I (Kurt) have a new appreciation for the printing end of Crock of Shirt. Silkscreen printing is not easy. The concept is pretty simple but, like anything else, there’s a lot of behind-the-scenes stuff that goes on.
(I wanted to insert a picture here, but something with my computer seems to be messing me around and I don’t have the patience to figure this out right now. Just pretend there’s a picture of sloppy ink here. Sorry. Like, this is really making me insanely pissed right now. So dumb.)
Sadly, as many or most of you know, Crock isn’t our main bread and butter. We have day jobs. Kris has a newer gig right now and and I’m trying to help him out on the printing end of the magic we produce haha! The printing side of things isn’t my area of expertise, so I’m sticking to one-colour stuff for now. Aligning the different colour separations is no joke! I set up the artwork to have an overlap of between half and three quarters of one pixel, so there isn’t much room for error. Kris makes printing look easy and he’s doing every step of it manually – no automatic presses here! Working with such little alignment tolerances, it’s quite a precise operation to make things work out. He’s also very fast and very efficient and clean. Me? I go in there to print and, though I am pretty tidy, I somehow end up with ink shit all over my hands and the odd slop on the table (don’t tell Kris). I can’t believe it. I’m not as bad as a 3 year old eating spaghetti and meat sauce, but I don’t come out spotless.
Anyway, I was down there printing a couple shirts the other day and I remember having the sudden realization as to how tricky it can be. Screen mesh sizing plays a factor, as do certain colours of ink. For instance, white ink is much thicker than black ink, so it has to be worked in more and requires more passes for proper coverage. Black ink is more liquid, so coverage happens with one or two passes of the squeegee (that’s how it went down for me, anyway). Each time I pass the squeegee down the screen, I remind myself that each screwed up print blows at least $10 and adds that shirt to the rag pile. And that was just one colour printing! Also, I haven’t even explained to you what’s involved in burning the image into the screen with the exposure unit – that’s another additional step in the process that I don’t even touch. I always screw that up.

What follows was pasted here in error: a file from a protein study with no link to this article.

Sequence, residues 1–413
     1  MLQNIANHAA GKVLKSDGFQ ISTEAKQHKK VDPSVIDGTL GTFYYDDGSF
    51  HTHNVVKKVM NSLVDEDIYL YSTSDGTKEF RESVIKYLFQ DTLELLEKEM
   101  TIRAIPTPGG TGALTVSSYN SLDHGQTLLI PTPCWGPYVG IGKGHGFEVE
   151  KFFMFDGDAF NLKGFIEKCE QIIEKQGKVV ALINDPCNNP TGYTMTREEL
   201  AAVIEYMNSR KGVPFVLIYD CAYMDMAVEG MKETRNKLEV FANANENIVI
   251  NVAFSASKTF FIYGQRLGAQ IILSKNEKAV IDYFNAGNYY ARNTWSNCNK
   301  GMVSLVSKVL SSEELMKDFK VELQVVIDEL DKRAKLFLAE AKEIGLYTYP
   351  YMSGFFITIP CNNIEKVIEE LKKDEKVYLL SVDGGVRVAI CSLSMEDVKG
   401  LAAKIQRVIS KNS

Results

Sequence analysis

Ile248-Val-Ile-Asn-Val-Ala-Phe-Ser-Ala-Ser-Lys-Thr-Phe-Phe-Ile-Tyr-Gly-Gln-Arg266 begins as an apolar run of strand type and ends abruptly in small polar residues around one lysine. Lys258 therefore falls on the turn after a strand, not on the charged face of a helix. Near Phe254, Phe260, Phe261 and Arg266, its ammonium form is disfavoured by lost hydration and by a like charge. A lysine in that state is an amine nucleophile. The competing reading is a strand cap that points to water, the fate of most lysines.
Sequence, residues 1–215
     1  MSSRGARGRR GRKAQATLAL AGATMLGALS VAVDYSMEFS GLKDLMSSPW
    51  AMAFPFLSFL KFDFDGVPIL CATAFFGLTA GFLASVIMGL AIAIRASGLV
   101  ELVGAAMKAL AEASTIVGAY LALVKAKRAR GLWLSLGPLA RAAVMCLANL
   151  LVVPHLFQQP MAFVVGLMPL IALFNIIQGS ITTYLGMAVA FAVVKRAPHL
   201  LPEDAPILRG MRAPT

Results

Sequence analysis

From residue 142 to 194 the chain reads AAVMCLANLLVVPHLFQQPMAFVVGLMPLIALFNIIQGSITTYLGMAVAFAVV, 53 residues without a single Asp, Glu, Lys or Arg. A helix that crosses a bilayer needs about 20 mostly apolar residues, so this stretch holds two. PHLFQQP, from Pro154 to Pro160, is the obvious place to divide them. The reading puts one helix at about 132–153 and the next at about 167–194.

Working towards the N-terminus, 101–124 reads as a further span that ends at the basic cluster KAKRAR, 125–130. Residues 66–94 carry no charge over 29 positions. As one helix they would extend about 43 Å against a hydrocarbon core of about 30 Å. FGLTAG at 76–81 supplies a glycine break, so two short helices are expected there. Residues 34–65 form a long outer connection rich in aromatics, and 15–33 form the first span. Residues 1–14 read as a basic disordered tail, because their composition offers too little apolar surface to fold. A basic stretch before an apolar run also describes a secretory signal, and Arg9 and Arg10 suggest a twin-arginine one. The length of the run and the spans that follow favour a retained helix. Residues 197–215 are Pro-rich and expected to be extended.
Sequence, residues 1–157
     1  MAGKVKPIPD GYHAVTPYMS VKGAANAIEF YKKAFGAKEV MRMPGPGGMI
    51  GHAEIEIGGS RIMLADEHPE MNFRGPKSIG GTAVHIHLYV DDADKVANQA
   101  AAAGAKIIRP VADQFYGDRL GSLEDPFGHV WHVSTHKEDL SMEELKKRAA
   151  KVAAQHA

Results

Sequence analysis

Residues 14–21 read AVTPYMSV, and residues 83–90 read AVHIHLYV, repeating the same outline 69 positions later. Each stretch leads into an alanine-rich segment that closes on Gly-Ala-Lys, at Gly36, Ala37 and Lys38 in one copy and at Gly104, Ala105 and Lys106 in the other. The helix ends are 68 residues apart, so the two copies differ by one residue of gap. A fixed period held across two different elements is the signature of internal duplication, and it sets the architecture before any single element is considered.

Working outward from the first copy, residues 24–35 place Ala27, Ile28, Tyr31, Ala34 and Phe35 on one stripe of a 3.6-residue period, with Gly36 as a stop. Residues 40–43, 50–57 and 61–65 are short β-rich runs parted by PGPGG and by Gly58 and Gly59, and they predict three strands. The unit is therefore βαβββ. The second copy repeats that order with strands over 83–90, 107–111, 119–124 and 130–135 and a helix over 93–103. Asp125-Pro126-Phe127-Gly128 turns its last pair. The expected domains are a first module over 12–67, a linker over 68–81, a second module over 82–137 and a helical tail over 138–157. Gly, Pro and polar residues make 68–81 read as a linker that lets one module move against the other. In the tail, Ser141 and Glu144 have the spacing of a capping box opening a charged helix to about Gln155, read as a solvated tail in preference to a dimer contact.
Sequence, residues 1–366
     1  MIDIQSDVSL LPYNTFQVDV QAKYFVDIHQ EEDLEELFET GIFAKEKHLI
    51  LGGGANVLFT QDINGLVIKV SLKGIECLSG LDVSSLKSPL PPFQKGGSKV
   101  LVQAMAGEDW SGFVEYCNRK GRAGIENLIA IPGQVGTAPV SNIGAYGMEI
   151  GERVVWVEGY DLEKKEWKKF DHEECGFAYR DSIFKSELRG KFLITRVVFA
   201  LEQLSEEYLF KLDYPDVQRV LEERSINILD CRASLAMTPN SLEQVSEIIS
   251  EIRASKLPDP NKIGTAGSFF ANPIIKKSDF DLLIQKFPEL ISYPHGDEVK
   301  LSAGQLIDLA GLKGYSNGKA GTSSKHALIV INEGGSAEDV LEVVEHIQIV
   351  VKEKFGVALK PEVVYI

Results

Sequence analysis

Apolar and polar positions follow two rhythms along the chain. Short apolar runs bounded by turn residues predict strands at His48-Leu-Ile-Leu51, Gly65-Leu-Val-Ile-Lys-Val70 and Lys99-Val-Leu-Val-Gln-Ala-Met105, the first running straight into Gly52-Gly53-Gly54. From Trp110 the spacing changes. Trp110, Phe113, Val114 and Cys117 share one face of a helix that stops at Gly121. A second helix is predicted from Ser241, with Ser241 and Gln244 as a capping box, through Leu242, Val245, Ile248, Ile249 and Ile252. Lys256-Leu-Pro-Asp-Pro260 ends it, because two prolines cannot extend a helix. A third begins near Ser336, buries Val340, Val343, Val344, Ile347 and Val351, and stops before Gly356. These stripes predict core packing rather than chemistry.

The art of the whole process definitely doesn’t stop at the sketchbook/ computer illustration program. The quality of the print and overall look of our final graphic is made in the print shop. I can make anything look great on a computer screen, but reality is a different story. Even mixing the inks to try to match the colours is a tricky task, but Kris handles it beautifully.
I look back at all the research we did when starting out and I’m proud of all that we’ve managed to do. Trial and error was quite an ordeal for the first while. If we’d seen what was involved before starting out, I’m not sure we would have. I like to think we would have, though! It’s been pretty fascinating when I stop to think of it.
Stay tuned, folks. I’ve still got the fire burning and more designs coming very shortly. Let’s see what happens next …